The breakneck pace at which construction is continuing all but assures that the wall, whatever Mr. Biden decides to do, is here to stay for the foreseeable future, establishing a contentious legacy for Mr. Trump in places that were crucial to his defeat.
In southeastern Arizona, the continuing political divisiveness around the president’s signature construction project has pitted rancher against rancher and neighbor against neighbor in a state that a Democratic presidential candidate narrowly carried for the first time in decades.
The region is emerging as one of the Trump administration’s last centers of wall building as blasting crews feverishly tear through the remote Peloncillo Mountains, where ocelots and bighorn sheep roam through woodlands of cottonwoods and sycamores.
Even those who loathe the wall are bracing for the possibility that it could endure for decades to come, basing their assessments on signals from Mr. Biden’s transition team.
While the president-elect has said he will halt new wall construction, other immigration priorities like ending travel bans, accepting more refugees and easing asylum restrictions are eclipsing calls to tear down portions of the wall that already exist.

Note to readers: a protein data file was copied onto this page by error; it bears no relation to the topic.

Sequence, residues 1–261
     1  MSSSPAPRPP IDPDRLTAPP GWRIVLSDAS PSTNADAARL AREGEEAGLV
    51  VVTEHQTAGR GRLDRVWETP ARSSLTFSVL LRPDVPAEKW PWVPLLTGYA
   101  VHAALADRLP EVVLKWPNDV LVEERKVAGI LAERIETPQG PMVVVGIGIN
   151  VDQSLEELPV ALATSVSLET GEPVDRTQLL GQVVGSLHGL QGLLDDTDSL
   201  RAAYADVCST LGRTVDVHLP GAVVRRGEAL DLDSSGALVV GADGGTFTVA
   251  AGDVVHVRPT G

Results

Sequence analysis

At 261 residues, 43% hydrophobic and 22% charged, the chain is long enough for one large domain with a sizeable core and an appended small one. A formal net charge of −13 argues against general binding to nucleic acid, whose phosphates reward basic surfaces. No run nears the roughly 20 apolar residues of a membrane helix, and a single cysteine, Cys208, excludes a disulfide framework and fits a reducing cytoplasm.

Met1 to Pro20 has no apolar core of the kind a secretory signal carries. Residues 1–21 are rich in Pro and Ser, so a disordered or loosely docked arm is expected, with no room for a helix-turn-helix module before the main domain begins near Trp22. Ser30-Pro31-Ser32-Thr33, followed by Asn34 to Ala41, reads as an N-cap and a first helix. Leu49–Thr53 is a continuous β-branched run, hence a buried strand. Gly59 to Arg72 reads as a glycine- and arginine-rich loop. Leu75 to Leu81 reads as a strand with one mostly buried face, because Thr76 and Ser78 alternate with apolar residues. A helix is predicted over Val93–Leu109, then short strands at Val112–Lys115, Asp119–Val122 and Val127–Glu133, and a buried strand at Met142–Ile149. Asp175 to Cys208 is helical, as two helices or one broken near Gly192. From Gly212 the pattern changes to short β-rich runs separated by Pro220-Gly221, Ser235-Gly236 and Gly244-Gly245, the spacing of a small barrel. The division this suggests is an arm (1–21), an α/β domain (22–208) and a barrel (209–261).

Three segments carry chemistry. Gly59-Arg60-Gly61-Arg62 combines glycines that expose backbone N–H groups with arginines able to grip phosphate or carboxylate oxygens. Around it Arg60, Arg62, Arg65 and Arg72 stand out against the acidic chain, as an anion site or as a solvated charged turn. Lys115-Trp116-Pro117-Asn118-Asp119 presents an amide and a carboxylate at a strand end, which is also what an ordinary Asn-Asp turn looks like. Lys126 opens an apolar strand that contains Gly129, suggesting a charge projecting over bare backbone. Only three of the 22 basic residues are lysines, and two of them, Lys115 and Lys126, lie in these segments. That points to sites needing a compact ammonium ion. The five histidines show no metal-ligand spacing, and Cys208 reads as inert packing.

Advisers involved with the transition team, who spoke on the condition of anonymity to discuss planning for the incoming administration, rejected the notion that there would be any attempt to dismantle the existing border wall, with one adviser calling the wall a “distraction.”
Customs and Border Protection officials are still rushing to meet Mr. Trump’s mandate of 450 miles of new wall construction during his term, nearly doubling the rate of construction since the start of the year. The administration had built 402 miles of wall as of Nov. 13.
PHOENIX — In the moonlight, dozens of people hollered and embraced, dropping the rules of social distancing as they celebrated a win after a long year: hundreds of thousands of Latino voters registered, calls made and doors knocked amid a pandemic that had devastated their communities. Though it would be days before the final result in Arizona was clear, the people working to shore up Latino support for Democrats in the state were already convinced that they helped shape history. They had come through the crucible of a pervasive anti-immigrant sentiment and a decade later, flipped the state and delivered wins.
“Tonight we claim victory because we showed up,” said Stephanie Maldonado, the political director for Lucha, a civil rights group that helped coordinate efforts for Democrats.